- The curtains have now closed on MASSE, a collaboration by Berghain and the Staatsballett Berlin held in an unused portion of the legendary nightclub. Anyone who scored a ticket was treated to a truly unique Berghain experience, which is really saying something considering what happens on the other side of the club's interior wall every weekend. On a deep stage carved out of a crumbling postindustrial cave, dozens of bodies contorted to wild electronic sounds—some approaching the techno you're likely to hear next door, some not sounding much like club music at all.
In the context of the dance performance, the latter definitely worked better than the former: if you're used to hearing techno on the dance floor, then there's something a little strange about sitting still while a stage full of dancers moves to the beat. Consumed in the comfort of your living room, MASSE's three parts—from Henrik Schwarz, Marcel Dettmann & Frank Wiedemann and DIN (AKA Marcel Fengler and Efdemin)—have the opposite effect. Schwarz's contribution, "Balletsuite #1," was the show's big finish, and it comes first on Ostgut Ton's CD release. It bears hardly any resemblance to techno, and it's even a bit of a stretch by Schwarz's adventurous standards. The simple explanation is that it's an acoustic suite, with curvy melodies traded between guitar and piano. Schwarz is at his best when his attention is on those instruments, but he tends to revel in compositional extremes. Abrupt tempo changes and a wealth of textures gave the choreographers plenty to work with, but without a dance company to pin it down, it might lose you.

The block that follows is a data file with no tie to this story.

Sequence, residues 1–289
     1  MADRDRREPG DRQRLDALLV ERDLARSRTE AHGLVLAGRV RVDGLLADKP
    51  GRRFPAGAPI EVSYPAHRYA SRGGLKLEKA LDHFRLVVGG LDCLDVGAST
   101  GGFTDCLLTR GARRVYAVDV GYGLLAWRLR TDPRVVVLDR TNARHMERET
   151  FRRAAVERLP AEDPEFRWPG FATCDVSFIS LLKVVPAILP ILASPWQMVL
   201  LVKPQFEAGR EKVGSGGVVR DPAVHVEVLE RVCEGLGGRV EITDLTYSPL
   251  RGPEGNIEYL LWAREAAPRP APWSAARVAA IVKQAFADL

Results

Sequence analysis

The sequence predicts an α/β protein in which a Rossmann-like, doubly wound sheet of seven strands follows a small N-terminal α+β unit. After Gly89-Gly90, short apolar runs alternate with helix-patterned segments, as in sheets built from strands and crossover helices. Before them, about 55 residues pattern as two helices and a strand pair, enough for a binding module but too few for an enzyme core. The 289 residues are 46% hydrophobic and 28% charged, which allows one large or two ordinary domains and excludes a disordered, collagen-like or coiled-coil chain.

MASSE's two collaborative efforts make the transition from stage to stereo more artfully. Rather than meet in the middle, Dettmann and Wiedemann rendezvous somewhere well beyond their respective comfort zones on "Menuett." After a lengthy gurgle of analog zaps and creepy ambience, they settle into a tense, stepping groove and lose their melody in a fog. You hear echoes of early Autechre in the piece's third part, but the detailed, reverberant bell line lends it an electroacoustic context that feels entirely contemporary.
"Evolve," Fengler and Efdemin's contribution, bears some resemblance to the former's recent Fokus LP, where flashes of light passed fleetingly over classic Berghain darkness. With peaks of shuffling 4/4, it's the closest to standard club fare of the three pieces, but its gorgeous, beatless stretches set it apart from most techno. DIN may not venture as far into the unknown as Dettmann and Wiedemann, and they don't get quite as wild as Schwarz does, but they still pull off the set's most impressive suite. You may not have seen the full show, but with Masse you'll still feel plenty of drama.
Henrik Schwarz - Balletsuite #1 - Masse
01. Unknown Touch
02. Affect Structure
03. I Am Not Responsible For That
04. But Then I’m Different
05. When Things Are Difficult
06. Couple Are Strong
Dettmann | Wiedemann - Menuett
07. Part 1 - Accelerando
08. Part 2 - Martellato
09. Part 3 - Spiritoso
DIN - EVOLVE